Do you see a pattern here? DOM loves to invest heavily at ratepayer expense. NA3 for example; or Brunswick Station, or all that “grid modernization.” While other utilities are buying an increasing share of their bulk power from the grid, from wholesale markets, from independent generators willing to finance these new sources on a competitive basis, DOM uses its ratepayers as the cash cow to build those new sources itself — without financing risk, without risk of obsolescence, but with a “guaranteed” rate of return for shareholders on that investment. Moreover it’s not just any investment but “cadillacs” when “plymouths” or rental cars would do, paying up front for a lower operating cost that will help with DOM’s cash flow for years after the investment, not to mention, will please a few legislators in the Tazewell region where it will be built. Is this a good deal for the ratepayers? The question is whether the SCC will even look at the grid alternatives, or simply dismiss independent generation and the grid itself as “unreliable” and take DOM’s choices as the only (politically) safe path forward.

  4. The purposed of that pumped storage proposal is to take dollars from Eastern VA and No Va ratepayers, spend them on a gigantic white elephant far from Dominion’s service territory, and buy the political loyalty of SW Va legislators who will happily vote in the future to burn……Eastern VA and No Va ratepayers. It worked with the Virginia City coal plant and here we go again. And of course there is a profit margin on any equity used for capital.

    The amount of “line loss” of power because of the transmission distances, mentioned by Tom above, will be confidential and hidden from us during the case.

    It the project made sense without guaranteed funding from ratepayer/patsies, if they built it as a merchant plant with their own stockholders taking the risk, hey – no problem. But it won’t work that way.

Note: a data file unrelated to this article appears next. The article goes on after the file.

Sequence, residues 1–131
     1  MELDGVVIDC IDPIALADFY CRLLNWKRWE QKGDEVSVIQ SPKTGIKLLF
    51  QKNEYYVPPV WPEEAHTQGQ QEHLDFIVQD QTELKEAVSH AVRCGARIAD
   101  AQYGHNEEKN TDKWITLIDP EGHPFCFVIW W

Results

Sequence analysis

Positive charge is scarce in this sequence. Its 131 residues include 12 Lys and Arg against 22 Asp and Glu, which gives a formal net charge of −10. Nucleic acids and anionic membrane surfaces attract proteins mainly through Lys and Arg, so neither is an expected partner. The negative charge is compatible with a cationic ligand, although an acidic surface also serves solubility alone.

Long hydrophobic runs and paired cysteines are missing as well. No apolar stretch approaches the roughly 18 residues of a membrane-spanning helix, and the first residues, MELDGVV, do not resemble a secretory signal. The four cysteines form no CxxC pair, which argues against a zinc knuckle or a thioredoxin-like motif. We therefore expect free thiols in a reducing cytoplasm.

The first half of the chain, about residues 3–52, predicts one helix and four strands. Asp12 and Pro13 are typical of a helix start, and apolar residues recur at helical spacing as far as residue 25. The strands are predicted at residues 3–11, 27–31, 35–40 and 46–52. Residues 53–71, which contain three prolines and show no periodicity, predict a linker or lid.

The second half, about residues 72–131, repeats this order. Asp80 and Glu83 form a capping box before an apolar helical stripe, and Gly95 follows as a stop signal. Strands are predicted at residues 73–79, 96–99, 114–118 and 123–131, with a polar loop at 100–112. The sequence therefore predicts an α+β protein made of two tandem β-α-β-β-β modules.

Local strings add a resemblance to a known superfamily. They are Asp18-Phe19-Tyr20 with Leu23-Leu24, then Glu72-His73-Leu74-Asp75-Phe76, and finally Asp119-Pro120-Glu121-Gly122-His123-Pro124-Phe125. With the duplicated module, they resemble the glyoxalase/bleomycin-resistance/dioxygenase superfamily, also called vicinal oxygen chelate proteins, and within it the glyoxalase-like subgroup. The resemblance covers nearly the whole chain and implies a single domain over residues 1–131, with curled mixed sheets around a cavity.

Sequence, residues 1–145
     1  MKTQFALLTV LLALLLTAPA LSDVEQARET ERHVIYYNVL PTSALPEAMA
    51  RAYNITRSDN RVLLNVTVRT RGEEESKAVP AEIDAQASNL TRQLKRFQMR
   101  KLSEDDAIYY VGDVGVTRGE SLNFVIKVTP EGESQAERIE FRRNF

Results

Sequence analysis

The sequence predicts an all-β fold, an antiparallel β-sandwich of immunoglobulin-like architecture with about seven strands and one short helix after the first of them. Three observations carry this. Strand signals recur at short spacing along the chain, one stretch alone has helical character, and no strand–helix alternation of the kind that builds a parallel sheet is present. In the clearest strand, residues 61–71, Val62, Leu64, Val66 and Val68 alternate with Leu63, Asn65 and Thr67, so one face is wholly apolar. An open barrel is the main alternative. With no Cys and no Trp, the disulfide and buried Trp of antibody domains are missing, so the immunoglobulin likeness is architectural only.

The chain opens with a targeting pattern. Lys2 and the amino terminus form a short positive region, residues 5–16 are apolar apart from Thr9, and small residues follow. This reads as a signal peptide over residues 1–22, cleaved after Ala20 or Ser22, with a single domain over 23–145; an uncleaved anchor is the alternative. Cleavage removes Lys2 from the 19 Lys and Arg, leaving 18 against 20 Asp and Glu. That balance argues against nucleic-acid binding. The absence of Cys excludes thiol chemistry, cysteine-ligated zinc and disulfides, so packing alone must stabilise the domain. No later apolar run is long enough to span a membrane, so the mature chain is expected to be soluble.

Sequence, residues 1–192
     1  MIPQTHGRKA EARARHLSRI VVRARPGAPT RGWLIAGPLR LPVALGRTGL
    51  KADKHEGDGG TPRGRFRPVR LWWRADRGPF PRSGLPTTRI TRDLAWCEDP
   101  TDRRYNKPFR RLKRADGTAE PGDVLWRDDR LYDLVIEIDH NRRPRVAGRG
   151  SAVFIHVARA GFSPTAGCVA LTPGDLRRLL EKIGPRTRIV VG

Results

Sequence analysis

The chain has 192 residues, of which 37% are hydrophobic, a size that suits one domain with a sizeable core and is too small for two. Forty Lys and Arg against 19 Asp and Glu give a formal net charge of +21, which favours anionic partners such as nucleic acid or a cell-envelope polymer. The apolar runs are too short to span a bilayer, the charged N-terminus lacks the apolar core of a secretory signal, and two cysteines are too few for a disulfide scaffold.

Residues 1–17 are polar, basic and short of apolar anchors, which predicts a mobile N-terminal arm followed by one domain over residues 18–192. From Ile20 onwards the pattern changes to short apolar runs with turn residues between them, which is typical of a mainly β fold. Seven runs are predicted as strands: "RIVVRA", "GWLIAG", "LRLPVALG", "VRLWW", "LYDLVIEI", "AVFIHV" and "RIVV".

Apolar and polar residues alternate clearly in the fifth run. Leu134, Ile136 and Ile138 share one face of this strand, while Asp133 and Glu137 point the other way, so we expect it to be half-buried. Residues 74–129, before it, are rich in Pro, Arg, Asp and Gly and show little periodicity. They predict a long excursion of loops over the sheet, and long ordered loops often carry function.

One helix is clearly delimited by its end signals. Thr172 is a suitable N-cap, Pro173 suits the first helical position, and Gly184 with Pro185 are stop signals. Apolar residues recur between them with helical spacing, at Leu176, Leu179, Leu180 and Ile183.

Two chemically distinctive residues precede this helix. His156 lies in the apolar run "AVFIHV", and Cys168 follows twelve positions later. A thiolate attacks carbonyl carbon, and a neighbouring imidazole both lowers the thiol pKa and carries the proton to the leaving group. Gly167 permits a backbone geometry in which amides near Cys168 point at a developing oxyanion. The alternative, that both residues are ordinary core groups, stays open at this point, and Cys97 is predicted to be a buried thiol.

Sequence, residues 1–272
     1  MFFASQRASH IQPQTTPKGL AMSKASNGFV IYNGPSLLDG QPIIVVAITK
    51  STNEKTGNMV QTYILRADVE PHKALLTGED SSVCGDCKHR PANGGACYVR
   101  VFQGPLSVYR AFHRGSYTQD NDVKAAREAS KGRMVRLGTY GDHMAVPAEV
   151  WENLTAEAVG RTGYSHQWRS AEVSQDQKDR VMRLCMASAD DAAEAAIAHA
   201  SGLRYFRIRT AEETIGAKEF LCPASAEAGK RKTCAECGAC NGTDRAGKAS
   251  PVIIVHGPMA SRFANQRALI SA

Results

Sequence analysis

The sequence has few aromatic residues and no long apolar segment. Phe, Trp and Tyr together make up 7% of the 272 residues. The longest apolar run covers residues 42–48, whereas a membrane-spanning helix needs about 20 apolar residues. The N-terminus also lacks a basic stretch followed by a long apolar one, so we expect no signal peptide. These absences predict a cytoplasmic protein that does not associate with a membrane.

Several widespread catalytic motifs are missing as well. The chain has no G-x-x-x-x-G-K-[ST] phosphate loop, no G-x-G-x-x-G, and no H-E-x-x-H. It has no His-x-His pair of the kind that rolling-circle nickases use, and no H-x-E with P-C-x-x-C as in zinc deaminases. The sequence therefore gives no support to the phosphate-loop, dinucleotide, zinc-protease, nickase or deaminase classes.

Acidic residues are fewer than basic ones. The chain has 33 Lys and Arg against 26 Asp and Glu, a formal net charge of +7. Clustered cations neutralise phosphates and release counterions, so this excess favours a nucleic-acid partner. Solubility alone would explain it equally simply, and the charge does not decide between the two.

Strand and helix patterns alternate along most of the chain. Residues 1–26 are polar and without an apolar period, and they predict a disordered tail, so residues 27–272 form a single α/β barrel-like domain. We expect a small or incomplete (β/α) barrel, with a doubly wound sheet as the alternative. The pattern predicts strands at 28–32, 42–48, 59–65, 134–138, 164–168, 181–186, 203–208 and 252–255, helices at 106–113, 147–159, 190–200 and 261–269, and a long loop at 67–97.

I’m with Tom and the comparison with a battery option needs to be done, and I suspect battery will win. This idea is a shameless boondoggle.

    • Right. I am not even sure we need the batteries, since we are already world leader in pumped storage. Also the first question I would ask is, if we need more pumped storage, how much could our existing plants (Smith Mtn Lake/Bath) be expanded with some investment?

      But when it comes to utilities, there is much political support for big expensive projects. So it boils down to, pick one, cause we’re going to build it (for some unkown reason).

  5. This is the part that Jim refuses to acknowledge:

    ” Do you see a pattern here? DOM loves to invest heavily at ratepayer expense. NA3 for example; or Brunswick Station, or all that “grid modernization.” While other utilities are buying an increasing share of their bulk power from the grid, from wholesale markets, from independent generators willing to finance these new sources on a competitive basis, DOM uses its ratepayers as the cash cow to build those new sources itself — without financing risk, without risk of obsolescence, but with a “guaranteed” rate of return for shareholders on that investment. ”